A café isn’t a café without transparent windows, and here are the trans pieces just for that job. The three 3x4x6 curved top panels are not easy to come by, they’re only available in 5 sets in trans-clear, however happily one of those five sets is the Friends set 3187: Butterfly Beauty Shop, released this year! I suspected I would find some less common elements in Paradisa sets that are now cropping up in Friends sets, and here’s one right here! And it’s a beauty, too. Towns have shops, and shops have windows, so this is a handy piece for a town builder. By comparison the 3x3x6 curved panel with corner is only available in trans-clear in two sets; this one and the Paradisa set 6416: Poolside Paradise, and as it works so well with the other panels, I’m very happy to have it. Maybe it too will appear in the next wave of Friends sets?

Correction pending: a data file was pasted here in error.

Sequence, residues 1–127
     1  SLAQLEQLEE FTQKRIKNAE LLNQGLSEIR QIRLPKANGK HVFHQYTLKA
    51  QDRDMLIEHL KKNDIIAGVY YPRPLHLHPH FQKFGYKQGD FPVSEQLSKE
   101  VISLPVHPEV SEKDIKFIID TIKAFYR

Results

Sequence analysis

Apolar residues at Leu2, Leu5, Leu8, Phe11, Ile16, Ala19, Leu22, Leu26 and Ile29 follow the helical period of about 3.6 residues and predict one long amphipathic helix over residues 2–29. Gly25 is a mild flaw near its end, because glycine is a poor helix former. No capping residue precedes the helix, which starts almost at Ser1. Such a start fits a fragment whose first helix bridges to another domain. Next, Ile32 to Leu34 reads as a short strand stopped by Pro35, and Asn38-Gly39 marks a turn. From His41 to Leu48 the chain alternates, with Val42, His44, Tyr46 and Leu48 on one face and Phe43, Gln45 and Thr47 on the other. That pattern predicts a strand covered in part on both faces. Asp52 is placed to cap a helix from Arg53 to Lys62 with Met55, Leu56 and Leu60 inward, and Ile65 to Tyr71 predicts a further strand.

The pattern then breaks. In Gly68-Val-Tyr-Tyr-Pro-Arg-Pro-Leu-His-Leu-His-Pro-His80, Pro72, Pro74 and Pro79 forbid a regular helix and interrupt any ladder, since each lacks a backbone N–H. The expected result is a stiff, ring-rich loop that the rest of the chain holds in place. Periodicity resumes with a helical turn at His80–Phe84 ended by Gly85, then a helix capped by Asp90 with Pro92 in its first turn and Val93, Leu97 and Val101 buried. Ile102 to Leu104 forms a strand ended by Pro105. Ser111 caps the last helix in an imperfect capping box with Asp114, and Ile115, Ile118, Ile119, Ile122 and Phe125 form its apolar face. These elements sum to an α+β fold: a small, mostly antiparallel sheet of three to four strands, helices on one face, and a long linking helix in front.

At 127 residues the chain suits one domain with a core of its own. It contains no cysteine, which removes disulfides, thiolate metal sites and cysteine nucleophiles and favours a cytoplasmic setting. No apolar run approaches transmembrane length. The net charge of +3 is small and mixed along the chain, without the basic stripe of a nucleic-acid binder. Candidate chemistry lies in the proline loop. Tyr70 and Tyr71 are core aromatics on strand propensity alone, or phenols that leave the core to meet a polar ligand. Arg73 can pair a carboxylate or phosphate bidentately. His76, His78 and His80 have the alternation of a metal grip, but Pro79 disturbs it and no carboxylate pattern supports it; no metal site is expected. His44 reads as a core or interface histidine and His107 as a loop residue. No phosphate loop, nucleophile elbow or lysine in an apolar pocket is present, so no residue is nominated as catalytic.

There’s a lot more pink around in the smaller parts, but the majority remains white. Interestingly the blue flag hadn’t been seen since 2006 until 2010 when it popped up in the 3862: Hogwarts board game. The 1x1 tiles in yellow and red are also far from rare, but handy to have. The pink taps are exclusive to the Paradisa line, and are found in a number of their sets, but no others. And there are four here! Similarly with the pink mugs, however they did creep over to Belville too. It’s hardly a surprise that the pink parts aren’t really found outside the themes aimed at girls, at least not back in the 1990’s. If you want a pink 1x1 plate, then you’ll only find that in Paradisa too.